Electrical power generation facilities account for a large share of global CO2 emissions. Because they are stationary single-point emitters, power plants are an obvious target for reducing anthropogenic CO2 emissions by CO2 capture. Capture from Natural Gas Combined Cycle (NGCC) power generation has been much less investigated than from coal power generation, despite having approximately half of the CO2 emissions per electrical unity of energy produced as compared to coal-fired power plants. Furthermore, the majority of carbon capture R&D has been devoted to the development of amine scrubbers, a process which incurs a significant energy debit because of its steam consumption in the sorbent regeneration step. Molten Carbonate Fuel Cells (MCFCs) can be used for CO2 capture from NGCC facilities without a significant energy debit. They are modular, thus flexible in fitting the required capture capacity. When using MCFCs for carbon capture, additional power is created by the fuel cells keeping the total efficiency of the power generation system at or near the efficiency of the NGCC plant without CO2 abatement.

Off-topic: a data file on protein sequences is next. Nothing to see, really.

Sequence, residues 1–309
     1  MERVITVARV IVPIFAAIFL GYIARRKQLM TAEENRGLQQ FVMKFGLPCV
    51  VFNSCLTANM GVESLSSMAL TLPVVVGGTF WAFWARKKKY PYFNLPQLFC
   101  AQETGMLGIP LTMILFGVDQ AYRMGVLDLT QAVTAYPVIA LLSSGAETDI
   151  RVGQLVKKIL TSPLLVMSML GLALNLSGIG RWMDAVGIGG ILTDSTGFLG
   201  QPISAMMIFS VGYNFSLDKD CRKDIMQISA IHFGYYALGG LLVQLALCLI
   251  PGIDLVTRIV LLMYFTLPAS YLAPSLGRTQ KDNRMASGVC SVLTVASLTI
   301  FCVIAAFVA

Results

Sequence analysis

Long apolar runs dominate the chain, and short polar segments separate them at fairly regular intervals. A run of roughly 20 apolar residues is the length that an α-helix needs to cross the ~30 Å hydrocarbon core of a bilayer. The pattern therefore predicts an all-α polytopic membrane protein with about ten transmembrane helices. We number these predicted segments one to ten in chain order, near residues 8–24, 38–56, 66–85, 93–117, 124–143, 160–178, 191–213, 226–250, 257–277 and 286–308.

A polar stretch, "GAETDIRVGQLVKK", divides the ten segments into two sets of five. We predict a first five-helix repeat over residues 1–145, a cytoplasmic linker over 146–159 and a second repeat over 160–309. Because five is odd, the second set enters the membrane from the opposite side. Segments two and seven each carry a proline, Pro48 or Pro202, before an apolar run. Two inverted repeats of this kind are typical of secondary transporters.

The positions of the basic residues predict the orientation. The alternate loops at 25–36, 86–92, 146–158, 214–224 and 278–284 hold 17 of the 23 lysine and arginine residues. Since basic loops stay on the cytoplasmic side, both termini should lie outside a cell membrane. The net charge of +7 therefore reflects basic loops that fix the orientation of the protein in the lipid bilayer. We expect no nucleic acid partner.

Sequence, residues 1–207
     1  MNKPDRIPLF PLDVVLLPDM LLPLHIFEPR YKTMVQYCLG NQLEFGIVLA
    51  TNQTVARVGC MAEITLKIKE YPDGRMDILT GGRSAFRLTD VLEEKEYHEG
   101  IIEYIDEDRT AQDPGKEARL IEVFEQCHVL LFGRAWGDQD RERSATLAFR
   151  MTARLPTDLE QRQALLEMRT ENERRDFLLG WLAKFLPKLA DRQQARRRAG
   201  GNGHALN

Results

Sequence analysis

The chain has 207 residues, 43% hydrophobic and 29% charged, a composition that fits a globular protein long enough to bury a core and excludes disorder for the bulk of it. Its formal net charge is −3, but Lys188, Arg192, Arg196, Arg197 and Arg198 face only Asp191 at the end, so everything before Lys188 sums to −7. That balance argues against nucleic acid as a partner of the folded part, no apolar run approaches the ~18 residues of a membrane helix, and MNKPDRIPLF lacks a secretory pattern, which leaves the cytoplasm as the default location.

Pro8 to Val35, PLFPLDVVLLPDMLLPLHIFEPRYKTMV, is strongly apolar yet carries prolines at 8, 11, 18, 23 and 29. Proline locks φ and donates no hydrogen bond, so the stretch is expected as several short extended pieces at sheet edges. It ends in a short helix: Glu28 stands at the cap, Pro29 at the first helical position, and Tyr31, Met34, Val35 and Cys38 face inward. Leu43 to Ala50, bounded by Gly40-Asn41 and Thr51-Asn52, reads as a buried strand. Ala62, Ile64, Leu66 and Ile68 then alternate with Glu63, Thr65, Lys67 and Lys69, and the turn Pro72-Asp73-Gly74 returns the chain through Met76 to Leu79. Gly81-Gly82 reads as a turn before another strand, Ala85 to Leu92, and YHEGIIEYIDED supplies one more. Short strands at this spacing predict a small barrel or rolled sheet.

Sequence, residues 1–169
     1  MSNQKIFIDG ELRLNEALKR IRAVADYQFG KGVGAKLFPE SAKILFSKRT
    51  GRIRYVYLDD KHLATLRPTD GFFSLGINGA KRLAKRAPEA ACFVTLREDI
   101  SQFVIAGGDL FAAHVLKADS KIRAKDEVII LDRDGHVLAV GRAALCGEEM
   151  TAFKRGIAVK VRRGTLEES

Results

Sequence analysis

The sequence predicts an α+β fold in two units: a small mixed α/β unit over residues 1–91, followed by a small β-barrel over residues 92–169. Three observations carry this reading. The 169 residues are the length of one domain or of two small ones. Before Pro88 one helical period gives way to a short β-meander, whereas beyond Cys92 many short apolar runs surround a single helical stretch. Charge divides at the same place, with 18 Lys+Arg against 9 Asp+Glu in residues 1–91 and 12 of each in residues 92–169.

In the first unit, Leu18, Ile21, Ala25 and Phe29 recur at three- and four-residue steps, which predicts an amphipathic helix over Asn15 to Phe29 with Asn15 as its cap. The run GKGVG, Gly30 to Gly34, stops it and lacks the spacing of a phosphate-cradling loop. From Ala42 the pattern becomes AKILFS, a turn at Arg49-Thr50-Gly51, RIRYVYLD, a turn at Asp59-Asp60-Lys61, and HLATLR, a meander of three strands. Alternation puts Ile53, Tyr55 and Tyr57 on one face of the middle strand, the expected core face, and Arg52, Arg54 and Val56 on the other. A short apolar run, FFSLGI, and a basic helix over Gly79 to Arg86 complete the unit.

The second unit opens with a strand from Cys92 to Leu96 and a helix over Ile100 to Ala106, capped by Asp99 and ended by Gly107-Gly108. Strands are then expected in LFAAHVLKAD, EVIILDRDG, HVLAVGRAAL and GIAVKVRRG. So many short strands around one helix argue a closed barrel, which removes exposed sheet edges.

This paper summarizes the current status of MCFC carbon capture technology for low-CO2 emission abatement. We developed modeling tools and performed process simulations to optimize MCFC performance and to develop and assess integrated solutions for power generation with carbon capture. We also obtained proof-of-principle data at the bench scale, using small button cells and lab-scale single cells. Additionally, we carried out process demonstration tests using pilot-scale fuel cell stacks. Our results indicate that the technology is feasible and effective.